If I still lived in NH, I'd have you bring it by my shop but I live in South Central Missouri now so that's probably a bit out of your way...:)

    Give the guys at the Music Techs in Manchester NH a call. It's a bit of a hike if you are on South Shore but if you don't find anything else, it's worth it. They are over The Music Mill, a great music store in it's own right.

    I did work for them for many years as a contractor after Daddy's Junky Music closed. If all you did was bung up the circuitry around the input jack, it's most likely repairable. You won't believe some of the stuff I've seen and fixed :jawdrop:.

    Instrument Repair New Hampshire | The Music Techs
    Last edited: Dec 5, 2022
  15. andrus108


    Mar 11, 2018
    #cancel PCB mounted pots, switches and jacks....

    (...looking inside my vintage '69-'71 era B25 with pots, switches and preamp tube sockets soldered to PCB, LOL for buying 'hand-wired' stuff from the good ol' days....)
  16. mooseonbass

    mooseonbass Supporting Member

    Jun 24, 2011
    Waltham, MA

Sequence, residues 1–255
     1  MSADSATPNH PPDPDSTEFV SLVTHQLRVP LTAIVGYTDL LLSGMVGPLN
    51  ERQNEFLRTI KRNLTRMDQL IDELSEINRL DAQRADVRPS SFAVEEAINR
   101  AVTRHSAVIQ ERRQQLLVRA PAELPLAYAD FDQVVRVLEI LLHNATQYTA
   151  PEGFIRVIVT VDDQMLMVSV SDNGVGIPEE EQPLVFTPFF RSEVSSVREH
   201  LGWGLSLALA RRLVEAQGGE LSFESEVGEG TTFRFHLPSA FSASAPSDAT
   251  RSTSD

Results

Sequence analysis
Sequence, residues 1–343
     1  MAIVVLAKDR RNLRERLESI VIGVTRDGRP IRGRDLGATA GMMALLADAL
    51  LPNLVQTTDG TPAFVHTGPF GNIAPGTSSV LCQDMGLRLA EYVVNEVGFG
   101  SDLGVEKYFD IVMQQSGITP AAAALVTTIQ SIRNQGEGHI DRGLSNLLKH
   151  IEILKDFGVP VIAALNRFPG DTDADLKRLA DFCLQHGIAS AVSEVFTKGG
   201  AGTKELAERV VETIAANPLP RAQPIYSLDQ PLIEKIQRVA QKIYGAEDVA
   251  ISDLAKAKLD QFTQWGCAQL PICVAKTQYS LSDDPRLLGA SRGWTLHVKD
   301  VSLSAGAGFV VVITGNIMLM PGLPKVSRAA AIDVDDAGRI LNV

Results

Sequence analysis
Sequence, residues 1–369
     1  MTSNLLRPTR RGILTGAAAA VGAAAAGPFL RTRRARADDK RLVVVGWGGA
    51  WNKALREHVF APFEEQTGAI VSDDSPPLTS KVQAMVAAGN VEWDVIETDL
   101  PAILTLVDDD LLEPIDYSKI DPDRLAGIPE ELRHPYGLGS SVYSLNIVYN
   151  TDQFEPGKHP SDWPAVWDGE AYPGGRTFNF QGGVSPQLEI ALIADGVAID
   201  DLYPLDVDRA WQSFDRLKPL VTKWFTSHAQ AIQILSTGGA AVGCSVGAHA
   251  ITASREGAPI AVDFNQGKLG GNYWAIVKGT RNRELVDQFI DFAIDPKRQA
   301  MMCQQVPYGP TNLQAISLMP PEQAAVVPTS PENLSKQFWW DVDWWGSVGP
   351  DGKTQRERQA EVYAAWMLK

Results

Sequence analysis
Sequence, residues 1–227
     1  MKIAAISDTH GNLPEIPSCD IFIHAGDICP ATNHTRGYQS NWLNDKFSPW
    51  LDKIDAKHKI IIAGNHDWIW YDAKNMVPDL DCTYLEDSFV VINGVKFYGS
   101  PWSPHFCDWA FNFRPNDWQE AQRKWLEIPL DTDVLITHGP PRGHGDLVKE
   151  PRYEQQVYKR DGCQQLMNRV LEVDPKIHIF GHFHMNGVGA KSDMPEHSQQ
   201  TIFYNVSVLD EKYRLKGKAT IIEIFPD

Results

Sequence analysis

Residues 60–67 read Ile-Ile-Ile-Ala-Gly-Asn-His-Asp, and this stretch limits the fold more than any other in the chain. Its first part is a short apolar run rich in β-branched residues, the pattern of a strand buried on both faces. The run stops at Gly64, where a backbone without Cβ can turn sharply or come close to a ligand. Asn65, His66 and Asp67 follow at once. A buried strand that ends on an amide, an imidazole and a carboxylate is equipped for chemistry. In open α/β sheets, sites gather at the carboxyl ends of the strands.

There are plenty of repair places in MA. I've had good luck with Aztech in Watertown.
    BassBrass likes this.
  17. Thanks for the advice. That's good to know about the noise and EMC control.

    News Flash... Old Solder Jockey Learns New Trick. Film at 11. :p
    Last edited: Dec 5, 2022
  18. Indiana Mike

    Indiana Mike

    Nov 18, 2005
    Call Full Compass and see if they sell the board. Should be plug and play. They can order a lot of stuff , even though it’s not listed on their site.
    Full Compass Systems - Audio, Video, Lighting & Music Equipment Experts

    My Ampeg BA210 developed an issue like that and I bought a brand new factory pre amp board which has all the jacks etc… for like $80. I do have a background in these types of repairs. If you don’t you may just want to find a repair shop to replace the related board , if it’s available.

    plug and play.
    Last edited: Dec 5, 2022
    Spidey2112 likes this.
  19. Siggy


    Mar 15, 2003
    Columbus Ohio
    We all learn from our mistakes and I'm practically a genius.
  20. Sparkl


    Apr 23, 2011
    Guys, ain't nothing wrong with a person trying to fix his/her own thing you know... But indeed it is then up to the tech to decide if he/she is even willing to work on such project.

    Thing is, if you don't screw some stuff up in the first place, how are you ever going to learn? I'd love to be at least somewhat qualified on amp repairs myself, but the equipment I own is just a tad too expensive (and rare in some cases), to be worth considering even, let alone actually trying.

    Soldering is one of those things on my wish/to-do list I want to learn eventually. Sending my cables and stuff to the technician without trying it even once will never get me there. :)